Prep 45 mins
Cook 1 hr
Ruffled Napa cabbage is arranged around large pork meatballs to create the appearance of the lionlike Tibetan dog. A wonderful balance of flavors, serve it with steamed white rice. The pork mixture can be made up to 1 day ahead and chilled, covered, and the cabbage can be cut 1 day ahead, then chilled, wrapped in dampened paper towels, in large sealed plastic bags(press out any excess air before sealing).From the May 2007 issue of Gourmet.
- 8 large dried shiitake mushrooms, about 3/4 oz
- 2 cups boiling water
- 1 lb ground pork butt (not lean)
- 1 bunch scallion, white and pale green parts only, finely chopped
- 10 canned water chestnuts, rinsed, drained, and finely chopped
- 1 tablespoon chinese rice wine or 1 medium dry sherry
- 2 teaspoons sesame oil
- 1 teaspoon sugar
- 2 tablespoons fresh ginger, finely chopped
- 2 tablespoons soy sauce
- 1 1⁄4 teaspoons salt
- 1 head napa cabbage (2 1/2- 3 lbs.)
- 2⁄3 cup peanut oil (or vegetable oil)
- 1 tablespoon cornstarch
- 1⁄4 teaspoon fresh ground black pepper
- 2 cups reduced-sodium chicken broth
- Cover mushrooms with boiling hot water in a small bowl and let stand 30 minutes, then squeeze excess water from mushrooms and reserve 1 cup mushroom-soaking liquid.
- Discard mushroom stems and cut caps into very thin slices.
- Meanwhile, mix together pork,scallions,water chestnuts,rice wine,sesame oil, sugar, 1 tablespoon ginger,1 tablespoon soy sauce, and 1/2 teaspoon salt in a large bowl with your hands.
- Gather together pork mixture and throw against bottom or side of bowl 5 or 6 times to firm texture, then chill, covered, until ready to use.
- Remove and reserve 4 large cabbage leaves.
- Halve cabbage head lengthwise, then cut out and discard core.
- Cut cabbage leaves crosswise into 2 inch pieces.
- Heat wok over high heat until a drop of water evaporates instantly; swirl 2 tablespoons oil to coat bottom and sides of wok, then stir-fry mushrooms, half of cabbage, and remaining tablespoon of ginger until cabbage begins to wilt,about 1 to 2 minutes.
- Add remaining cabbage and 3/4 teaspoon salt and stir-fry until all of cabbage has begun to wilt, about 3 minutes.
- Add reserved soaking liquid (1 cup) and continue stir-frying until cabbage is wilted, about 3 minutes.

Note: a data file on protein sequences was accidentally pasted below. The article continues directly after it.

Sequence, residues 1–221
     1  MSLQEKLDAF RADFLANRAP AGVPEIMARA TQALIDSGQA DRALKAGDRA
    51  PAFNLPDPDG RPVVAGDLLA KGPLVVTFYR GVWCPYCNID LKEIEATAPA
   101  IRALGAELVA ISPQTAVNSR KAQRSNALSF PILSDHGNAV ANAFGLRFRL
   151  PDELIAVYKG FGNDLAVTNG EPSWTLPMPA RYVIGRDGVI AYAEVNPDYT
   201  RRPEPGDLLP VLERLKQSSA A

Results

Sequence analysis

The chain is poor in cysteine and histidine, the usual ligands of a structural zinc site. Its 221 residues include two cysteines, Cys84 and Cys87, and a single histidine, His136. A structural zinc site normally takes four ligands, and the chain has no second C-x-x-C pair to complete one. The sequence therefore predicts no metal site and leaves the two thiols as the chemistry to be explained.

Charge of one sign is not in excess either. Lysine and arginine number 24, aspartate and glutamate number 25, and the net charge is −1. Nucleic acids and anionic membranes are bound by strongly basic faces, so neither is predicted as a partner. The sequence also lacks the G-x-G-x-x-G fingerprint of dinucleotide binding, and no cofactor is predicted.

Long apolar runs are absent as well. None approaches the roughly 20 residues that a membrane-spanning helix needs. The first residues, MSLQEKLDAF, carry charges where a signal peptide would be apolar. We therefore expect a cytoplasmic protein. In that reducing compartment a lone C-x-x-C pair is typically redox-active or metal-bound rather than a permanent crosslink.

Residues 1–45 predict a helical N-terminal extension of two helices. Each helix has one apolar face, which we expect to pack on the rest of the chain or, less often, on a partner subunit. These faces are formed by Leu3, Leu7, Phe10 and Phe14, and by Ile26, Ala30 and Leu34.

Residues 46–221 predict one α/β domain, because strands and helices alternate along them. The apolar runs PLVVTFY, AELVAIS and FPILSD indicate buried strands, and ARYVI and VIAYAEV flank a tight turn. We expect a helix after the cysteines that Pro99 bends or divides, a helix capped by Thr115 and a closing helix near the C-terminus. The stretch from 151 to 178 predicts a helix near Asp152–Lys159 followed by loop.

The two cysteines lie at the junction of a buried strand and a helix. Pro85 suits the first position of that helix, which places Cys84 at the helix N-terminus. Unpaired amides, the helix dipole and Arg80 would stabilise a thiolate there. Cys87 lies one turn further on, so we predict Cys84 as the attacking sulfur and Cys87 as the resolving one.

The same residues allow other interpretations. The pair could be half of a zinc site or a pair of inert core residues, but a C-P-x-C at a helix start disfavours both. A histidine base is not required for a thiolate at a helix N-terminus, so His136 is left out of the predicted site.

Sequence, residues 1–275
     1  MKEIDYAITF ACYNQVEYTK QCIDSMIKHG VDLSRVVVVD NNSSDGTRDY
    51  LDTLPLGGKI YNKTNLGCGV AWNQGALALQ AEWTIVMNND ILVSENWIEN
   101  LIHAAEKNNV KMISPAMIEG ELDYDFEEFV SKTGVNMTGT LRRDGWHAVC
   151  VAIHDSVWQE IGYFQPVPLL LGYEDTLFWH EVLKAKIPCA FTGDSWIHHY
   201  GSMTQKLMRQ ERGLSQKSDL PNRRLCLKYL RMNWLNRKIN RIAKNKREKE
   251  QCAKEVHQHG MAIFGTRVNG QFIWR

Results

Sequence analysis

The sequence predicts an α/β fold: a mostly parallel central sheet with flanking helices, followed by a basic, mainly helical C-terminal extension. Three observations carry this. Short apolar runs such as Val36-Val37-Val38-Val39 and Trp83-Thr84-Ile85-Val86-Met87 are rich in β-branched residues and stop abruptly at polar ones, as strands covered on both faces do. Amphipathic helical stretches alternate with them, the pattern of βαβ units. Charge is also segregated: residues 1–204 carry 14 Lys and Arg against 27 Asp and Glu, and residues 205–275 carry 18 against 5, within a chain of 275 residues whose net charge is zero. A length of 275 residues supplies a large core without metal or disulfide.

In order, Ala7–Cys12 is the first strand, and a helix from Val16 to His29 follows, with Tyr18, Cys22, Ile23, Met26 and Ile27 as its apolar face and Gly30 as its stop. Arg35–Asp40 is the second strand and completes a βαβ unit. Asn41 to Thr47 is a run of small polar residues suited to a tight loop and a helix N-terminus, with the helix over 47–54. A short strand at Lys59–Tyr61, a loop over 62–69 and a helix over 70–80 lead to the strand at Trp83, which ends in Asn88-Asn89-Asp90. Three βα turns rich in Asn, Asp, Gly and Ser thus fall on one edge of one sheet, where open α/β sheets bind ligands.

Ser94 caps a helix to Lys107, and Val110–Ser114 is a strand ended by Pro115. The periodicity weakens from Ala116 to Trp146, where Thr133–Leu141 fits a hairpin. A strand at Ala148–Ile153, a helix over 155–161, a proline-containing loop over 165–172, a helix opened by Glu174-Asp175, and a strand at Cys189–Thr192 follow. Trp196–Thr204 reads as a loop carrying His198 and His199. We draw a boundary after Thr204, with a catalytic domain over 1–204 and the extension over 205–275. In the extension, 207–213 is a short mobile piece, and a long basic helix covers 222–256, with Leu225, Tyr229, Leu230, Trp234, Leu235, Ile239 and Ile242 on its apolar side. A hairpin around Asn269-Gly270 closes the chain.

- Transfer mixture to a 4 to 5 quart heavy pot, arranging evenly on bottom; wipe wok clean with paper towels.
- Stir together cornstarch, pepper, and remaining soy sauce in a small bowl until smooth.
- Divide pork mixture into quarters, then coat your hands with some of cornstarch/soy sauce mixture.
- Form 4 large meatballs, transfering each as formed to a large plate and then recoating your hands.
- Heat wok over high heat until a drop of water evaporates instantly, then pour in remaining oil, enough to measure a scant 1/4 inch in wok.
- Reduce heat to moderately high and gently arrange meatballs in wok.
- Fry meatballs, turning gently until deep golden on all sides, about 5 minutes total; if meatballs stick, add a little more oil.
- Transfer with a slotted spoon to paper towels to drain, then arrange on top of cabbage in pot.
- Add broth, then cover meatballs completely with reserved 4 cabbage leaves.
- Bring liquid just to boil, then reduce heat and gently simmer, covered, 1 hour; check frequently to make sure liquid is not boiling vigorously.
- Season broth with salt, then move large cabbage leaves around the edge of pot to resemble a lion's mane.
- Serve in individual shallow bowls over rice, if desired.
This is very good, although the recipe could be arranged in a kinder fashion. I tend to look at the ingredient list while cooking to know how much of what to add. When the amounts of ginger, soy sauce and salt are totaled in the list, it's a nuisance to read through the directions once more to find out how much to use. It also isn't necessary to use boiling water to soak dried shiitake. Even ordinary hot tap water will soften them in 20 to 30 minutes, and cold water can be used, also, if you have more time. But enough nit-picking. This is still a very good recipe and I thoroughly enjoyed dinner. I did scale back the recipe somewhat to account for a smaller number of diners, and also browned, or caramelized the napa cabbage before cooking it in the broth. I think this adds to the flavor. When the cabbage is browned, the words Hong Shao go in the front of the name, to make it Red Roasted Lion's Head. Thank you very much for sharing this recipe with us.